The Ministry That Often Gets Overlooked By Pastors

Pastor family blogI love being productive. I love seeing results. And it is especially rewarding when I am able to produce good results for something I believe in with a great team of people. To this end, our leadership team invests in carving out time to strategize and plan. There are many brainstorming sessions, evaluations, and meetings to prepare for events and programs. We also pray for the people we want to serve, and for wisdom in knowing how to best bring God’s kingdom here on earth. We do our best to be intentional and strategic with our time and energy to accomplish our goals.

But here’s a pivotal question: how much intentional time and focus do pastors give to lead their family? How many hours in a week are spent to move the family into health and purpose?

God calls us to lead our families with the same intentionality as we do with the church. We see this in 1 Timothy 3:5, “If anyone does not know how to manage his own family, how can he take care of God’s church?” In fact, this should be our first calling. Are we as pastors taking our call to serve and lead our family first seriously?.

This is not just an extracurricular activity, but something that needs to be a core priority. In one survey by the New York Times, 80% of pastors reported that ministry had negatively impacted affected their family dynamics. 77% of pastors shared that they do not have a good marriage. Anecdotally, you can see this pastoral family tension in things like the stereotype of the rebellious PK (pastor’s kid).

Would things be different if the pastor focused on leading their family first? I believe so and I want to encourage pastors to make this their first priority. Investing in your family may require shifting of priorities, schedules, and commitments. But it is well worth it and can bear much fruit both at home and at church. Below are 3 tips to help you get started based on three core elements we often do to lead our ministries.

1) CREATE VISION: What’s the desired outcome for your family?

Vision tells us where we are going and what we are hoping for. It’s a buzzword in leadership circles at the workplace but often overlooked at home. So what is the desired outcome for your family? Take time to think and pray about this. Here are some other questions to think through this question.

  • What kind of marriage and relationship do you want to have with your spouse in one year, 5 years and 20 years? What does it look like?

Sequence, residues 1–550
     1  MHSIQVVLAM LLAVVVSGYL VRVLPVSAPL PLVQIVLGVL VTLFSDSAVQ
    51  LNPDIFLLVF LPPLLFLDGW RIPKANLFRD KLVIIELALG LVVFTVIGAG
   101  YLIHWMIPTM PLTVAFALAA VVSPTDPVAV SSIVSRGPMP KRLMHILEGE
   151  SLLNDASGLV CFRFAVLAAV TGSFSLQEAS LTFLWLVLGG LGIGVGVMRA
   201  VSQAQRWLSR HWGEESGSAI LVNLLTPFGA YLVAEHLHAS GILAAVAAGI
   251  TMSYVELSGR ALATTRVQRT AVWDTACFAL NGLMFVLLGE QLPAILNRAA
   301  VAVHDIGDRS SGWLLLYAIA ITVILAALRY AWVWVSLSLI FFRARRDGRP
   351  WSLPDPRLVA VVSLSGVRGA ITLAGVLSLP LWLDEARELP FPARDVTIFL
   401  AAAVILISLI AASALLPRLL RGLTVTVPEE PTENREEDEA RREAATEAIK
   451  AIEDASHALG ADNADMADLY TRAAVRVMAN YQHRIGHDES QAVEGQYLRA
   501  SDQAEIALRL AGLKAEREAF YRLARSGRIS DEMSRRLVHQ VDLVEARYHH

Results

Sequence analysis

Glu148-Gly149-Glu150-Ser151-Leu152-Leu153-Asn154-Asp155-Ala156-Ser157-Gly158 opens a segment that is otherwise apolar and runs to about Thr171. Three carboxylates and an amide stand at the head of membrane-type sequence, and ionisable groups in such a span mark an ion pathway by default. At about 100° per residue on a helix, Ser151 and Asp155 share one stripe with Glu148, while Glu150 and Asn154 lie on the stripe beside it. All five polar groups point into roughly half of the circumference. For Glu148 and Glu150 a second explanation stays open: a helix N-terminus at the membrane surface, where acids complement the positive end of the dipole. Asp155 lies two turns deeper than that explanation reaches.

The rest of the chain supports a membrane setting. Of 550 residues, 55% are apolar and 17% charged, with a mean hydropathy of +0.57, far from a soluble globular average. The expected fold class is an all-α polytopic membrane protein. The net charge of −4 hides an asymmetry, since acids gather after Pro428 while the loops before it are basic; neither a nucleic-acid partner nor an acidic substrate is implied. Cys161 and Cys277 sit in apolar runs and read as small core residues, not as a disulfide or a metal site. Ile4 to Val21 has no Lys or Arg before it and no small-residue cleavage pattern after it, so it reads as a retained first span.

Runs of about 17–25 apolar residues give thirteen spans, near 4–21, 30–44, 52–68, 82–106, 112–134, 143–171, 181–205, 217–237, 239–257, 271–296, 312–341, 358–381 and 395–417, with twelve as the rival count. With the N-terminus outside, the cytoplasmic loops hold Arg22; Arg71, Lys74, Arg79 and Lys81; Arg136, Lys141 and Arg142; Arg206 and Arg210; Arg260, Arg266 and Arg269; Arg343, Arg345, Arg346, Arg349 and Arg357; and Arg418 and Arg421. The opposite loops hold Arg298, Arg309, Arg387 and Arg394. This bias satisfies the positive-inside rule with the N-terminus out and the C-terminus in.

• What about for your children? What kind of family dynamic and reputation do you want to have with your kids?
  • What do you NOT want your family to be known for?

2) EXECUTE VISION: What actions or activities can you do to achieve the vision for your family?

Once you have a goal for your family, how do you plan achieving it? Pastors spend countless hours on programs, events and retreats to strive towards the vision of the church. In the same way, pastors need to create intentional events, activities and family trips on a regular basis to foster the kind of environment and opportunities for growth that you want in your family. Intentional planning and organization needs to be done on a weekly, monthly and yearly basis to ensure that your vision for your family continues to progress.

  • What are some activities that your family will start doing this week?What are some monthly events that your family will do?
  • When is your next family vacation? (don’t use a piggy back it with a church event)
  • What behaviors or words should you do or say more often? What should you do less?

3) PROTECT VISION: What will you do when you stray from the vision? 

Leaders know that it’s easy to get sidetracked and lose focus of the vision. Resilient organizations find ways to deal with unexpected problems and strategically plan for potential issues as well as engage in preventative actions to minimize the risk of problems. When things arise that threaten the vision, or when the vision becomes neglected, you may need to initiate family meetings and be ready for tough conversations. You may also want to have people help you check your priorities and actions to prevent your vision becoming neglected in your business. Accountability is also crucial for the pastor to stay the course.

  • Do you have a plan when the vision slips?
  • What are the potential things that will hinder you from supporting your visions, and what can you do to protect yourself against those things?
  • When was your last family meeting?
  • Who is keeping you accountable on your family vision?

The most important ministry that God has called to is our family. We need to care for our family members spiritual health and relationships just as much as we care for the church. And the beautiful thing is, as we lead our families effectively and lovingly, we will be more balanced and supported in leading the church. Lets make sure our families are getting our best.







  1. Great post!

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